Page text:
With the solar eclipse coming on Monday, August 21, 2017—and another coming in 2024—we’re getting more questions about the effects of solar eclipses on solar power. This is a great opportunity to discuss some basic facts about solar and what happens when the sun isn’t shining.
Yes, Solar Eclipses Affect Solar Productivity
Obviously, if the sun isn’t shining, solar panels (and large-scale solar arrays) can’t generate power. This problem, called intermittency, is something every solar system faces daily. In areas where many solar homes are connected to the electric grid, local utilities and grid managers have to accommodate the drop in power when the sun goes down as well as the jump in power when it rises. During the eclipse, the U.S. Energy Information Administration predicts that nearly 2,000 utility-sized solar facilities will be affected by the eclipse.
Yes, Utilities and Electrical Grid Operators Have Planned for the Eclipse
One of the jobs of the North American Electrical Reliability Council (NERC) is to coordinate efforts to match electricity production to consumption. This is an ongoing battle that minimizes both overloading the system and blackouts. In April, 2017, NERC published a study projecting the eclipse’s effect on the grid.
As you can see from the graphic below, our LA customers will not be in the path of the total eclipse (see below), but there will definitely be a shadow that will affect power production. LA will have about 60% of the sun’s light blocked on the 21st. The exact effect on power production will depend on multiple variables, such as system efficiency and cloud cover.
That said, CAISO and the regional electrical grid operators that NERC advises say they are prepared. They are planning to deal with a swing in power production during the eclipse of roughly 6GW in demand increase, which is enough to power a large city. Then there will be an influx of approximately 3.8 GW back into the grid as the eclipse passes and solar power production rises.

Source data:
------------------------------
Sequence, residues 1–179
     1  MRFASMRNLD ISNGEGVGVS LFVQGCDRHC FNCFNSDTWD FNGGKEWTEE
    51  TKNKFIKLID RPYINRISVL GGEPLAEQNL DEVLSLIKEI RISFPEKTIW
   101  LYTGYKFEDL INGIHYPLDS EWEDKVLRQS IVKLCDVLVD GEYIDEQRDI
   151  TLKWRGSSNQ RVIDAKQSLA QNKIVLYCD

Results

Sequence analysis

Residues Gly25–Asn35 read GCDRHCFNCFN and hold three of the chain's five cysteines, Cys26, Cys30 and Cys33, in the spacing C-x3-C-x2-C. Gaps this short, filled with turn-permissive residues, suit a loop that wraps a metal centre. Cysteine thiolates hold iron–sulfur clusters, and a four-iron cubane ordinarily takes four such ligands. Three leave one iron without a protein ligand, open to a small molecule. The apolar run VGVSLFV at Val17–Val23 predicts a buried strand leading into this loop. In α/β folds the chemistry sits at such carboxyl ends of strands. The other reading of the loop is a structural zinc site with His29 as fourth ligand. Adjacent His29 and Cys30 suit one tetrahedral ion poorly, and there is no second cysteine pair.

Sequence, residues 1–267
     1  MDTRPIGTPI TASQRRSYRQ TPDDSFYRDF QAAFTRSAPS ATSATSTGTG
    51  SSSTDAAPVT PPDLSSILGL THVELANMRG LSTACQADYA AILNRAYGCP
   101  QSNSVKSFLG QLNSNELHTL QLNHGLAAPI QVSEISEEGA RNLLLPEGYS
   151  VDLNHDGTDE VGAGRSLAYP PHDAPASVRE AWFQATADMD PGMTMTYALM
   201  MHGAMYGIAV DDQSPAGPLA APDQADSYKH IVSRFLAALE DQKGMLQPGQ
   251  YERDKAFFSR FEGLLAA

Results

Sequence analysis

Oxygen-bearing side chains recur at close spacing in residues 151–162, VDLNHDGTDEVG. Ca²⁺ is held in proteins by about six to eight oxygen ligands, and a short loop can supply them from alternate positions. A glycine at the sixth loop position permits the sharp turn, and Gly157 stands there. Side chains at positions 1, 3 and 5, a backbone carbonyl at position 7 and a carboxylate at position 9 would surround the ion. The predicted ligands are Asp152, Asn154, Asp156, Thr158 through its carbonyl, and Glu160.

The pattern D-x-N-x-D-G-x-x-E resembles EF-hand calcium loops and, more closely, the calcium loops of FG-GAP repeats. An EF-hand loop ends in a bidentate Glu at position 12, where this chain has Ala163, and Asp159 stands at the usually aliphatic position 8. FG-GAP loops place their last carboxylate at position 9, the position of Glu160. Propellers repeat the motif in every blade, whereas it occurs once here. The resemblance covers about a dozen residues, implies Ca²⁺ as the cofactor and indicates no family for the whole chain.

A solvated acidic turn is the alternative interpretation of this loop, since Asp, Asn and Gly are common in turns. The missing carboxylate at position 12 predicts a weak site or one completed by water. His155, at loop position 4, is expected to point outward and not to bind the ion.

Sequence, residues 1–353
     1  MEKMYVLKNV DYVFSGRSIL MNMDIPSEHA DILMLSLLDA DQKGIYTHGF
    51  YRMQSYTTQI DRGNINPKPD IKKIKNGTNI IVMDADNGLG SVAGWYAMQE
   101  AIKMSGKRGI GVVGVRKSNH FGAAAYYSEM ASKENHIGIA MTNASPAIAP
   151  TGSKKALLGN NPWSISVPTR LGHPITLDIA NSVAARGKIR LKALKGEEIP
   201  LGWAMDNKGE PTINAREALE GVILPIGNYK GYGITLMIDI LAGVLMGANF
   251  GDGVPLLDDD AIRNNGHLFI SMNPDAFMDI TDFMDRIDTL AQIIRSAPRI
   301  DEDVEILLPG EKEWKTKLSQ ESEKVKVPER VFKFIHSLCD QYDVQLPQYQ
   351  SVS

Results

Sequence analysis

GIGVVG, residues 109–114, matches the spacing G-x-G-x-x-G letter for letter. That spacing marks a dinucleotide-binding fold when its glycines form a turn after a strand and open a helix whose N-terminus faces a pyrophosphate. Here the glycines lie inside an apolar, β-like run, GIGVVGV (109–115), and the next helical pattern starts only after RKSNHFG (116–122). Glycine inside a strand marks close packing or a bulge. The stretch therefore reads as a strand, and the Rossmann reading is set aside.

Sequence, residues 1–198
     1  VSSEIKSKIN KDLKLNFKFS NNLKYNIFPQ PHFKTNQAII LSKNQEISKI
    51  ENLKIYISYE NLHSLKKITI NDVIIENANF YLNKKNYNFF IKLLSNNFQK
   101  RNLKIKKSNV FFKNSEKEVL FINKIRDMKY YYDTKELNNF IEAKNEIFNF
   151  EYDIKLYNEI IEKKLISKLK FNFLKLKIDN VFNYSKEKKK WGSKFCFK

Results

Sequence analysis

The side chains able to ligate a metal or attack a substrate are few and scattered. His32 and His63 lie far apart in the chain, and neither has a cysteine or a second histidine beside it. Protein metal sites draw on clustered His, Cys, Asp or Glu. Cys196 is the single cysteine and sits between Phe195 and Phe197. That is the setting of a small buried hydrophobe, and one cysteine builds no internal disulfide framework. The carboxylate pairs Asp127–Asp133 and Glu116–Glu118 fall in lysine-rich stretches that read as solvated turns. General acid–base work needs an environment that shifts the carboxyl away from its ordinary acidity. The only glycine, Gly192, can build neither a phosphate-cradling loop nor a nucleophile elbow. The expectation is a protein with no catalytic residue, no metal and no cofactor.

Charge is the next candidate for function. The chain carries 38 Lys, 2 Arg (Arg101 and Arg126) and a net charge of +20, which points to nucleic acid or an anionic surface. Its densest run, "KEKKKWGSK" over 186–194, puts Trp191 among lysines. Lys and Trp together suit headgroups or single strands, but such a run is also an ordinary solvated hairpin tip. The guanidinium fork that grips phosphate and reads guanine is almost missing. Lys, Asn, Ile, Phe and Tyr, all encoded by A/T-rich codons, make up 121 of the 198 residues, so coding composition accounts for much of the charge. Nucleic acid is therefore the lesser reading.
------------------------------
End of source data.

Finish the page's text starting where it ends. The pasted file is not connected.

How the 2017 Solar Eclipse Will Affect Solar Homeowners
Solar homeowners should prepare for a drop in system performance for the three hours or so that the moon will block the sun. As noted above, LA will have 60% of a total solar eclipse. Again, the exact drop in power production will depend on multiple variables, but 60% is a good round number to use as a starting point.
If you want to avoid switching to grid electricity during that time, make sure you won’t need to use major appliances. You also shouldn’t count on racking up net energy credits from sending excess power from your solar system to the grid during the eclipse.
This will be a time when solar homeowners who’ve invested in battery backups for their systems will get some additional use from their systems, since they can continue to use energy collected from the sun even when its light is dimmed. Again, if your solar system is connected to the electrical grid, you’ll still have power even if your solar production hits zero (which it won’t under this eclipse).
Solar homeowners who take these factors into account will manage the eclipse without hiccups. Utilities will do so as well, and use the experience to prepare for the 2024 eclipse, when California is expected to generate more of its power from solar—and thus be more susceptible to variations in power production and grid load variations.
If you have questions about intermittency from solar eclipses, geomagnetic storms, birds roosting on your panels, or just everyday dirt and grime,. LA Solar Group is here to help. If you have any questions about the cost or other aspects of going solar, we can answer them.